Post-Truth: The Falsehood Behind The Truth

The so-called ‘post-truth’ era has become a fundamental element in shaping the international landscape of relations in recent years. Brexit and the polemical US Presidential Elections set the course for post-truth to be selected as 2016’s international word of the year. Once upon a time, ‘true’ or ‘false’ were the two options so as to deliver a judgment over statements about the way the world actually is. Nowadays, we have lies, truths, and assertions that may feel true but have no basis in fact. New ways to define the blurred borders between truth and lie abound, as people talk about “the economy of truth” or “the improvement of truth”, while more literary expressions “sweeten the truth” or “stretch the truth.” The post-modern disdain for truth, as a product of belief, and the reservation of judgment encouraging deception have brought admissions of “misjudging,” “misspeaking,” or “exercising poor judgment,” instead of dishonesty, deceit or fraud.

Although it is not real, it could seemingly be. Post-truth never lies shamelessly, it is always founded on a modest core of appealing the truth. For instance, it is common to find headlines with quotes taken out of context and from invaluable or inconspicuous scientific research. This tiny portion of truth confers credibility to the false statements conveyed. The falsehood effectively appeals to feelings as a replacement for critical thinking. Accordingly, post-truth is a mainstay in political commentary and, as the word of the year, is defined by the Oxford dictionary as “relating to or denoting circumstances in which objective facts are less influential in shaping public opinion than appeals to emotion and personal belief.” This cocktail of emotions coupled with biased information forms the post-truth politics era, a time where individuals are not influenced by evidence or statistics, but rather what confirms a person’s own world view.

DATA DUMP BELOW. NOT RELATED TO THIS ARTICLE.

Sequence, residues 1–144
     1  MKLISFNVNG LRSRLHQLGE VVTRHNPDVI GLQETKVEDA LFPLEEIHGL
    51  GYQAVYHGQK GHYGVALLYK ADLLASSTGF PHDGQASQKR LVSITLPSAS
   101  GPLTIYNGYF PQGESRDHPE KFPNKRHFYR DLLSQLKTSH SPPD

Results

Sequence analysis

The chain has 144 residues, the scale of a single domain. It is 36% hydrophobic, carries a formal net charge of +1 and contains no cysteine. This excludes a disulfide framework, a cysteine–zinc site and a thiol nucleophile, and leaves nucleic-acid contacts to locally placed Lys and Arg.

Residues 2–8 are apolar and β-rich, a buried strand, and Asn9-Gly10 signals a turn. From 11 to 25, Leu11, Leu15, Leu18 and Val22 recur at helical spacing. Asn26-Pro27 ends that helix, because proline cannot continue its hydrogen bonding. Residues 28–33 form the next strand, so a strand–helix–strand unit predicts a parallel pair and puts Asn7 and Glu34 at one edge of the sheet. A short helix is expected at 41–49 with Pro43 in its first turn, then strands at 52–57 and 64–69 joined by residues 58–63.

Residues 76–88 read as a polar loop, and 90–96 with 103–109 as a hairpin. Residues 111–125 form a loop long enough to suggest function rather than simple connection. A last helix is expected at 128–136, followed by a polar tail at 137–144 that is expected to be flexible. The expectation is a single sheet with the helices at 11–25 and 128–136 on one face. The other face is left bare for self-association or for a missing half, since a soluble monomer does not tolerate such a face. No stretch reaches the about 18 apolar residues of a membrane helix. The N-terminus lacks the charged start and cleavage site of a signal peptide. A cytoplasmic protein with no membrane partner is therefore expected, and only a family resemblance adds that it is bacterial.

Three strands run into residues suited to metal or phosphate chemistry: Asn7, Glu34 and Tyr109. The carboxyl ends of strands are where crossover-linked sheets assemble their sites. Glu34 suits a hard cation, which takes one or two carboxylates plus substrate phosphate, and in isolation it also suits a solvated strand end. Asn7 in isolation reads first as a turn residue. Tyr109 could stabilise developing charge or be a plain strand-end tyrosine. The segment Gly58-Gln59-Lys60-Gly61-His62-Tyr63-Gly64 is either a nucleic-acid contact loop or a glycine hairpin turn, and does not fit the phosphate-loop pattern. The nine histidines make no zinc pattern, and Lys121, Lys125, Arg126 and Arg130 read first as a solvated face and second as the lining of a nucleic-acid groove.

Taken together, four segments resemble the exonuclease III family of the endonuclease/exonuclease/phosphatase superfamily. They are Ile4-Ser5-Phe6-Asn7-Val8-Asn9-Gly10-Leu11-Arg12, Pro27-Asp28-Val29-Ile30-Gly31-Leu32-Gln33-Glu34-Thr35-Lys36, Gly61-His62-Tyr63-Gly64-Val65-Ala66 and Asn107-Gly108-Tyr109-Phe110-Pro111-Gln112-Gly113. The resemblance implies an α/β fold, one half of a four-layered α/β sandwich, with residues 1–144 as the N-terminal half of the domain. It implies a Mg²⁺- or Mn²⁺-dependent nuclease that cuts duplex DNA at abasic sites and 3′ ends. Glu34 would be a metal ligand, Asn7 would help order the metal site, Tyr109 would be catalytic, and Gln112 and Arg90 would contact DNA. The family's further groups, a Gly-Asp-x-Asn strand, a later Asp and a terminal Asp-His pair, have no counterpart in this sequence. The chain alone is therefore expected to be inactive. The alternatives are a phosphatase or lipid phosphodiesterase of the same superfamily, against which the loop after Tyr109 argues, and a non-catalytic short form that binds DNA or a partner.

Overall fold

Dishonesty in politics, however, is nothing new. Politicians have often played with the boundaries of truth. In the political struggle, information has historically been used or hidden for ideological conflict in accordance with specific agendas. At the same time, human cognition seems to have a natural tendency towards confirmation bias, as Hegel wittily expressed “to read the newspaper is the modern man’s morning-prayer,” hence individuals search for an ideologically aligned media outlet that suits one’s perspectives. Therefore, the ingredients of post-truth discourse have always been present. Apart from the evident manipulation of propaganda in totalitarian regimes, there are forms of tolerated lies in our daily activity. For instance, advertising or marketing involves a clear intention to use emotions to embellish information for specific purposes. Consequentially, there is no discursive problem in a post-truth era, but rather the confusion between information, propaganda, advertising and opinion when their limits are blurred and distinction challenging.